A key question in many privacy class actions is whether the plaintiff has suffered an injury sufficient to confer Article III standing. Quite a number of these actions have been dismissed for lack of standing. The plaintiffs’ bar therefore has been brainstorming new theories of injury in the hope that one of them will be deemed sufficient to allow the case to remain in court (and open the door to expensive discovery). A recent order by Judge White of the Northern District of California in Yunker v. Pandora Media, Inc. addresses—and rejects—some of these theories.

The lawsuit involves Pandora’s mobile app, which provides music-streaming services to wireless devices. The plaintiff alleges that, although Pandora tells users that it will sell information to advertisers only after that information has been stripped of identifying details, in fact the company also sells personally identifiable information such as the user’s age, gender, and location—which, the plaintiff says, violates federal and state law.

As is now routine in privacy class actions, the first question was whether the plaintiff has standing to sue in the first place. Judge White batted down each of the plaintiffs’ arguments.

First, the plaintiff argued that because Pandora allegedly sold the plaintiff’s personally identifiable information, that information is now less valuable. Judge White pointed out that this theory has been rejected five times by federal judges in California alone because of the highly speculative nature of this alleged harm. In addition, although the plaintiff had alleged that he “paid” for the Pandora app with his personal information (the app is available for free), he hasn’t alleged that he otherwise had “attempted to sell” that information, that he “would do so in the future,” or that he either was “foreclosed from entering into” any other transaction involving his information or even would have chosen not to use Pandora’s app if he had “known how Pandora would use his” information.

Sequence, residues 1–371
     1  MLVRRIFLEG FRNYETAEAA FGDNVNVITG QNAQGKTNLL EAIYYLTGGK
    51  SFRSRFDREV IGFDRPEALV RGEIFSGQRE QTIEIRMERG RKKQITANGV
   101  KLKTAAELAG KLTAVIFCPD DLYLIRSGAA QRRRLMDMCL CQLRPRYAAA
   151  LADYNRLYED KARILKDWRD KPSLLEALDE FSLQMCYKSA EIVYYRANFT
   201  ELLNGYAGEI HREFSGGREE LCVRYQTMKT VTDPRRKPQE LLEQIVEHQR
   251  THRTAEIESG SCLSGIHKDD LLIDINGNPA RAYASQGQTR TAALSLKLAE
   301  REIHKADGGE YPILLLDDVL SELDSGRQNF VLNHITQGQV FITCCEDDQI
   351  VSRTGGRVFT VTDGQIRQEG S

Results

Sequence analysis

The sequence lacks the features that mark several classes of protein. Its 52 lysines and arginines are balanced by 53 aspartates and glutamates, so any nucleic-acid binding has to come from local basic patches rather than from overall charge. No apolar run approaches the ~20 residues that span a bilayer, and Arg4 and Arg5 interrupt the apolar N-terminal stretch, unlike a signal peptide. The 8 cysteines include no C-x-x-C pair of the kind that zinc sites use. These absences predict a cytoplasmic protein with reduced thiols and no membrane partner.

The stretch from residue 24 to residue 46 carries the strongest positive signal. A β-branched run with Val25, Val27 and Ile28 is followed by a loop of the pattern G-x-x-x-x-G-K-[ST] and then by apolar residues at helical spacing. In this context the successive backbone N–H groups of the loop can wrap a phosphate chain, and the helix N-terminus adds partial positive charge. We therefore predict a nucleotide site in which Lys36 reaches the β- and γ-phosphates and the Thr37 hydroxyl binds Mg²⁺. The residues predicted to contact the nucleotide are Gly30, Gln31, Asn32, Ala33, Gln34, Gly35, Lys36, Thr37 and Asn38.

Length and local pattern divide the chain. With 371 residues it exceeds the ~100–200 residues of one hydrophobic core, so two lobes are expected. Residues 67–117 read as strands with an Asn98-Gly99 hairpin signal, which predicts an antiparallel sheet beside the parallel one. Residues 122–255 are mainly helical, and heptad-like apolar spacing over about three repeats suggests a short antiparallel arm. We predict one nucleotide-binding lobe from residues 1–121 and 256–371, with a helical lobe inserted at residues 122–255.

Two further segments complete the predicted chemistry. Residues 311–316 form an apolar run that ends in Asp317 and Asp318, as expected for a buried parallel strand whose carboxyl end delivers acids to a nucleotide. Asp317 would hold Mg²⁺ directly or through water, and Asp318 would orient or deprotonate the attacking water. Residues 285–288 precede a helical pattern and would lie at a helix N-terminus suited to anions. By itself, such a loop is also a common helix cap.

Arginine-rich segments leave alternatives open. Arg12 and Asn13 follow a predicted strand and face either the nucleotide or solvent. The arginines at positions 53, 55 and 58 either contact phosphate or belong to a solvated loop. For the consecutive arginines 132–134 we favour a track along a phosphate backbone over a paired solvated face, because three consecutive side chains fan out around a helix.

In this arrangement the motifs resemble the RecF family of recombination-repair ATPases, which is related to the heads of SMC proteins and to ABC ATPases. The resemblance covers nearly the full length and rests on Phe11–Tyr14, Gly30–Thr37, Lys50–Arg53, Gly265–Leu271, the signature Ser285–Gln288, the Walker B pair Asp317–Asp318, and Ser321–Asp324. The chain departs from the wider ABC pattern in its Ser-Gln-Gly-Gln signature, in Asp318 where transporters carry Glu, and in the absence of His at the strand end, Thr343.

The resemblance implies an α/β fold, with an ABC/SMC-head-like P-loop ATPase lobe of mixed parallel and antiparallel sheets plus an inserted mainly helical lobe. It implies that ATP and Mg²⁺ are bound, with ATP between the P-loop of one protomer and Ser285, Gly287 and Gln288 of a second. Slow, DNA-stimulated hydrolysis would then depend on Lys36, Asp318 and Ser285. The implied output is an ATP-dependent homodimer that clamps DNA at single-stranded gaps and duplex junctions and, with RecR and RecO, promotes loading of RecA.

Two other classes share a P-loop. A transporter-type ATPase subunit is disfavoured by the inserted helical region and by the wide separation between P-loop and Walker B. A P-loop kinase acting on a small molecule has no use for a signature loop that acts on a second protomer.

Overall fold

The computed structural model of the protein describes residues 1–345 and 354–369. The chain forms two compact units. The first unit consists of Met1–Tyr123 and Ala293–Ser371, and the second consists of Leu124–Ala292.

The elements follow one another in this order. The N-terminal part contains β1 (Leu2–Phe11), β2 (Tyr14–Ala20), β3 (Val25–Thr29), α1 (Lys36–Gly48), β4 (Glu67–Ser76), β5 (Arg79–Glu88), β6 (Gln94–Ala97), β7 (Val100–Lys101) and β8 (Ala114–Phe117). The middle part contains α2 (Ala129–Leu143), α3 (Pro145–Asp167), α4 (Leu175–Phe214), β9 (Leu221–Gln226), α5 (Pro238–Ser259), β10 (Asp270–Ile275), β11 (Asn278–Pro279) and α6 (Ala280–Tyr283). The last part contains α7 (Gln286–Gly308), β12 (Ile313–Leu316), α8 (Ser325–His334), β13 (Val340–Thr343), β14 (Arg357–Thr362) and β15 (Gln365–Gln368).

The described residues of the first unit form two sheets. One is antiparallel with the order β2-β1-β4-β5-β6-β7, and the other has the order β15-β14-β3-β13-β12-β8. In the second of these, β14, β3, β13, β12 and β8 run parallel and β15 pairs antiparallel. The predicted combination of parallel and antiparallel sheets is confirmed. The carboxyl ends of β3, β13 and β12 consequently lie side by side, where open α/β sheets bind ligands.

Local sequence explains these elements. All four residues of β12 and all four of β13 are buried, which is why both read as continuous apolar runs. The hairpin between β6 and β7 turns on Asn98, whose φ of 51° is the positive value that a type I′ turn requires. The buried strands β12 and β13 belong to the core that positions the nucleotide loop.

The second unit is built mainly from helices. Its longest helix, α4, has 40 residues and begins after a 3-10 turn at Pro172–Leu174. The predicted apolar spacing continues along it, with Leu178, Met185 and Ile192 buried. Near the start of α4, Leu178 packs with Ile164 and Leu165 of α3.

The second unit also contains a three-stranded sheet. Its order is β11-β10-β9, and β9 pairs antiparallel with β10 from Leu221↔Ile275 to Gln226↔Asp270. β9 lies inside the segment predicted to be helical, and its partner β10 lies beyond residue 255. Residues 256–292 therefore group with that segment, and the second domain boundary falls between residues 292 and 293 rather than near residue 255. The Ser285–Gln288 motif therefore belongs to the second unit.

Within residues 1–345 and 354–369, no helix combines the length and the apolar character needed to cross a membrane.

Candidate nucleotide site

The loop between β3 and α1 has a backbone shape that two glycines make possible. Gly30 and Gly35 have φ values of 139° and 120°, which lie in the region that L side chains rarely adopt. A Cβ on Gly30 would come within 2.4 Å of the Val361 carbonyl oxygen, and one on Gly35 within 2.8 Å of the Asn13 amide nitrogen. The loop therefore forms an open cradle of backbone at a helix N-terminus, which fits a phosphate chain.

Second, the plaintiff alleged that the manner in which the Pandora app allegedly collected his information by installing “third-party advertising libraries” on his phone decreased its usable memory. Judge White acknowledged that an alleged decrease in device “performance” could be an injury conferring standing. But Judge White explained that the plaintiff had failed to allege any such problems, that he paid money for the app, or even that he would not have downloaded it if he had known that it used slightly more memory because it used these libraries.

Third, the plaintiff argued that the sale of information about him could subject him to future harm (such as identity theft). The plaintiff pointed out that, in Krottner v. Starbucks Corp., the Ninth Circuit had indicated that a future harm like identity theft could confer standing. But Judge White explained that Krottner involved very different facts—a laptop containing individuals’ financial information had been stolen, and a plaintiff alleged that she actually was the victim of identity theft. Judge White pointedly observed that the plaintiff here alleged nothing of the sort.

Having rejected these theories of standing, Judge White dismissed a number of the plaintiff’s claims. (He also concluded that many of them failed on the merits.) Nonetheless, Judge White granted the plaintiff leave to amend (not a big surprise, as such leave is freely given by most federal courts).

In sum, Yunker confirms that challenges to Article III standing remain a major arrow in the quiver of companies facing privacy class actions.